Evidence of 10th-century b.c.e. ivory was discovered in Jerusalem by Dr. Eilat Mazar. Remarkably, the only known parallel discovery was found in ancient Phoenicia.

Let the Stones Speak

While excavating the palace of King David, Dr. Mazar’s team uncovered a 10-centimeter-long (3.9 inches) stylized ivory inlay. It consisted of two identical halves that would have adorned either side of an iron shaft, perhaps part of a knife or mirror. The ivory item was found alongside an elegant black-on-red Cypriot juglet in an area of the palace that was dated through carbon dating and pottery analysis to the second half of the 10th century b.c.e.

According to Dr. Mazar’s preliminary excavation report, an identically designed inlay was discovered attached to a sword at the excavations of the Phoenician site of Achziv on the northern coast of Israel. The sword was alongside other funerary goods that dated to the 10th century b.c.e.

The discovery of a Phoenician-style ivory handle in Jerusalem makes perfect sense. As Dr. Mazar wrote in her excavation report, “The ivory inlay and the fine Cypriot imported jug … are markers of the luxury of the assemblage, as well as the connection to the Phoenicians, who were renowned, among other things, for their maritime commerce on the Mediterranean shores and their expertise in ivory carving.”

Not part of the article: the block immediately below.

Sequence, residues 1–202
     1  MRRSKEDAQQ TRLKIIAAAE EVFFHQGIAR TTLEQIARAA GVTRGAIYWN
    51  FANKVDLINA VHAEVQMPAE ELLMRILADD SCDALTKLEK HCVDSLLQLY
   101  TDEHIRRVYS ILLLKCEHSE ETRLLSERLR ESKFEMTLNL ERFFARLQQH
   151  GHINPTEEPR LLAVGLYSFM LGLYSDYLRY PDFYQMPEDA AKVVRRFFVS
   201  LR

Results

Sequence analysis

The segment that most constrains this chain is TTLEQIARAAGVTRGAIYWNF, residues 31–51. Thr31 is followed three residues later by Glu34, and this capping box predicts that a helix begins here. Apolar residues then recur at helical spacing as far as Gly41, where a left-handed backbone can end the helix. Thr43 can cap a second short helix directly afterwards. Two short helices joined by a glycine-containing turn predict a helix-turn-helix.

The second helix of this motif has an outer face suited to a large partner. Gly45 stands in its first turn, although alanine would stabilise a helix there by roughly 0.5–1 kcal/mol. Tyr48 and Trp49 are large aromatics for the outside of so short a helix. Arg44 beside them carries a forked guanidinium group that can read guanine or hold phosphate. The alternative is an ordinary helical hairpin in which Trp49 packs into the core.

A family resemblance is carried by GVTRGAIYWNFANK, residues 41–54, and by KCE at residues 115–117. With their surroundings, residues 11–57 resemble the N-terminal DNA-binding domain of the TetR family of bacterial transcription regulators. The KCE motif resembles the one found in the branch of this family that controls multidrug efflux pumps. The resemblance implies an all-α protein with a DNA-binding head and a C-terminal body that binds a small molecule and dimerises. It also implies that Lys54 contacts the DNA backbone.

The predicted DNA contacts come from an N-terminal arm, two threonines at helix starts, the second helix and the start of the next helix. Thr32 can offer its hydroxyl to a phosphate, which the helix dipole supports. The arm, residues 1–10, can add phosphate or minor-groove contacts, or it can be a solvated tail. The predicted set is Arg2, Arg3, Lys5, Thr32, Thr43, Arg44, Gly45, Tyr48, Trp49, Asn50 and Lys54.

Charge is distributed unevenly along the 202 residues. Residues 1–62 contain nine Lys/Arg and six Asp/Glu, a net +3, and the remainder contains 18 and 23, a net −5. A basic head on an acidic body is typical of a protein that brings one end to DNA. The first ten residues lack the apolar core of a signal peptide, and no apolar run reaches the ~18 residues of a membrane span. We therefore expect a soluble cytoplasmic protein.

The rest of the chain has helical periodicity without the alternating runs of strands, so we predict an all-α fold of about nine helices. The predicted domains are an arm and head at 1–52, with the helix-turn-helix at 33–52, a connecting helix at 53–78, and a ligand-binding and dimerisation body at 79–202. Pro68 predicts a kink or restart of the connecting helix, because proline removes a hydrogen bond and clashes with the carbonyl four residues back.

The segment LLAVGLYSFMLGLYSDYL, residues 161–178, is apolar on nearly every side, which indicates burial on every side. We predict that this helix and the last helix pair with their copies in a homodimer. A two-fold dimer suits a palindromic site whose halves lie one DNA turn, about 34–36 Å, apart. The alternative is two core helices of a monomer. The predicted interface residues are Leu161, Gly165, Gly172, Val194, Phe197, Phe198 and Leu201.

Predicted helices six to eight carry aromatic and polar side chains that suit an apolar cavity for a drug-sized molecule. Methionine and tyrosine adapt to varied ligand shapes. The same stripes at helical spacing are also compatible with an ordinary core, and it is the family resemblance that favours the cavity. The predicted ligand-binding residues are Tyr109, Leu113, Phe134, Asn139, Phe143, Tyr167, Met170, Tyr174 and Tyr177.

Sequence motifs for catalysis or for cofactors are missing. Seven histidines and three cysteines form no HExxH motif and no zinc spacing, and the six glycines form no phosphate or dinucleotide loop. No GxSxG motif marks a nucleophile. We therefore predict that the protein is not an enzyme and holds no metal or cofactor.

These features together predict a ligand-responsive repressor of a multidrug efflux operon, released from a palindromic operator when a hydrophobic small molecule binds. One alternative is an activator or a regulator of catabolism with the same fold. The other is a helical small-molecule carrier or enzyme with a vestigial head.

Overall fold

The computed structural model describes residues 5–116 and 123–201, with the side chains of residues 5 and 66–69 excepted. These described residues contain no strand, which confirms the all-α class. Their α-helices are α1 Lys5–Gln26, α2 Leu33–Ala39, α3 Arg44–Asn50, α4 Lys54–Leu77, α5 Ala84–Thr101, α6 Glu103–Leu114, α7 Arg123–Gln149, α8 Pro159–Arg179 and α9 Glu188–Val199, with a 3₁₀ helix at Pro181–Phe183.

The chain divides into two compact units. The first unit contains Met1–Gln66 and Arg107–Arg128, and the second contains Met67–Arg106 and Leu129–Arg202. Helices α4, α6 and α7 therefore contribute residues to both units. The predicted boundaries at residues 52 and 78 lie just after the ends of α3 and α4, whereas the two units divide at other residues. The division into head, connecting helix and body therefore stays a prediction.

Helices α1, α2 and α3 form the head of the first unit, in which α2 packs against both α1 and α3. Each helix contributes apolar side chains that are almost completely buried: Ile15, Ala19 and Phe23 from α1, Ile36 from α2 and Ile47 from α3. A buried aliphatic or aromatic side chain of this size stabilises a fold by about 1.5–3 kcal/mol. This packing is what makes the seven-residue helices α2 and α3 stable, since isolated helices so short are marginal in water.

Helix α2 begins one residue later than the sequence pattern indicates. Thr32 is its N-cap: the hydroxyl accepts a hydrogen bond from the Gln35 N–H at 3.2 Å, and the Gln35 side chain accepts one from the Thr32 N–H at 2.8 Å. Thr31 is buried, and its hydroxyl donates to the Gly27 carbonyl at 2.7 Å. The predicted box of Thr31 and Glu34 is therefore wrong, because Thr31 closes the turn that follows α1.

Purple Dye From Shikmona

Tel Shikmona is an archaeological site on Israel’s northern coast, near the modern-day city of Haifa.

When Israeli archaeologist Joseph Elgavish first excavated the site in the 1960s and 1970s, he found evidence of a flourishing and productive 10th-century b.c.e. settlement, which he called “a city from the days of David and Solomon.”

However, there remained gaps in the understanding of the site. It’s not on an easily accessible harbor, making it an unusual choice for a maritime settlement. It is fortified despite not being situated on any apparent strategic territory.

In 2016, the University of Haifa began piecing together what made Tel Shikmona so significant.

Excavation site of Tel Shikmona near the city of Haifa
Bukvoed | Wikimedia Commons

While both Israelite and Phoenician pottery were discovered at the site, the presence of larger amounts of Phoenician pottery indicated it was primarily a Phoenician settlement. However, the existence of both styles of pottery side by side indicates a harmonious relationship between the Israelites and Phoenicians, as described in the Bible.

Analysis of purple-stained clay vats and other tools found at the site helped clarify Tel Shikmona’s purpose: It was a mass production facility for Tyrian purple. And it is the first one from the biblical era to be discovered. The vats date to all 10 different Iron Age strata, showing both the longevity of the site and the value of its commodity.

The Phoenicians were known for their near-monopoly on the production of purple dye, also known as Tyrian purple. They harvested the dye from the murex shellfish, a sea snail with natural purple coloring that thrived off the coast of Lebanon.